Dementia: Understanding Sundown Syndrome

Dementia is a devastating diagnosis with many implications, not the least of which is a condition known as sundown syndrome. Also called sundowning or sundowner’s syndrome this condition generally strikes late in the day as the sun goes down but can occur anytime...

5 Tips for Better Mornings with Arthritis

“Arthritis” is an umbrella term for a variety of diseases and conditions that cause joint pain and inflammation.  While people of all ages can have arthritis, seniors often expect arthritis to occur as they age and when it does, mornings can be especially painful....

Why Everyone Needs an Advance Directive

Do you know what will happen if you are suddenly incapacitated and cannot make decisions for yourself? While it’s human nature to adhere to the “that won’t happen to me” mindset, the reality is that no one knows what the future holds. That’s why every adult needs an...

5 Decorating Tips for Your Senior Living Retirement Home

After years of living in a family home, moving to a senior living community and starting anew means decorating a new senior living home, something that can be a fun and exciting experience. But where to begin? Whether the new home is a house, condo, cottage or...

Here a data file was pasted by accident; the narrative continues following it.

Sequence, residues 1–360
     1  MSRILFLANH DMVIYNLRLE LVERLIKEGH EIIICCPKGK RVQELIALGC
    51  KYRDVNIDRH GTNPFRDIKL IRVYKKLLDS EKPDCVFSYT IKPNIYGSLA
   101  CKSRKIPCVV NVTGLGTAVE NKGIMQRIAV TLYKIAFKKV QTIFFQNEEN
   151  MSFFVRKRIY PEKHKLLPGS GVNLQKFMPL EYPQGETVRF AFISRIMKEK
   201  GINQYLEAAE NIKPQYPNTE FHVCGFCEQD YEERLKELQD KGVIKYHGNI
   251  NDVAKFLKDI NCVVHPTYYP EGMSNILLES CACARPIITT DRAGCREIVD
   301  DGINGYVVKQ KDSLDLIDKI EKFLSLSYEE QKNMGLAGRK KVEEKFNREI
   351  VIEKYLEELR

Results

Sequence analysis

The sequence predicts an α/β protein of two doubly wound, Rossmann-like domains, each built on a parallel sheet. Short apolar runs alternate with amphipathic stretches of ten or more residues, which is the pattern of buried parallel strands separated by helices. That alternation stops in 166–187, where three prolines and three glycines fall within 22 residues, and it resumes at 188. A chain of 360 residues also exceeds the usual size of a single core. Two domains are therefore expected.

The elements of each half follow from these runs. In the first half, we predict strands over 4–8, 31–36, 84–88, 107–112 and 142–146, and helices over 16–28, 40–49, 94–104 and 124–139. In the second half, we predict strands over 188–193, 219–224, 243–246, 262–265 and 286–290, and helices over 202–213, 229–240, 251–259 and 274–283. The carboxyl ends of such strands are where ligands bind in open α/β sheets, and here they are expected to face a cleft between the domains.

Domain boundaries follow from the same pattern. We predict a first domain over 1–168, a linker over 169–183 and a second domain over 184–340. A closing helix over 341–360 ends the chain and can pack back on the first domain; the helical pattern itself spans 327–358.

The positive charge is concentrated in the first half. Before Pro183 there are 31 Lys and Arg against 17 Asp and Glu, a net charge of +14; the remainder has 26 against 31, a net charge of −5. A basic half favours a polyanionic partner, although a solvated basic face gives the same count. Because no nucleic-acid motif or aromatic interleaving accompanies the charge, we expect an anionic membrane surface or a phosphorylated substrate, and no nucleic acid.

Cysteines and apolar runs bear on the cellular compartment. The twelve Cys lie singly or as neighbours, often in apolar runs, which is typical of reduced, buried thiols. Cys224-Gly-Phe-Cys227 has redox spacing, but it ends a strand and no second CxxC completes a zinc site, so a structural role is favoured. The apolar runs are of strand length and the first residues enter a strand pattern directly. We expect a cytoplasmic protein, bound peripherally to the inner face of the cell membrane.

The Alzheimer’s Disease Challenges Women Face

Alzheimer’s disease is devastating and its prevalence is on the rise. According to the report, “2023 Alzheimer’s Disease Facts and Figures,” in 2023 there are about 6.7 million Americans age 65 and older with the disease, and as the population ages, that...

Home Safety for Older Adults: A Checklist of Top Considerations

Home safety for older adults is top of mind concern for loved ones and adult children. According to the AARP Home and Community Preference Survey,  79% of seniors (ages 50 and above) prefer to live at home as they age, but only about 34% recognize they may need to...

What Services Do Memory Care Communities Provide?

Making the decision to move yourself or a loved one to a memory care community should be a well-informed one. All memory care communities are not created equal, but the best have several things in common. When comparing memory care communities be sure to include the...

Share This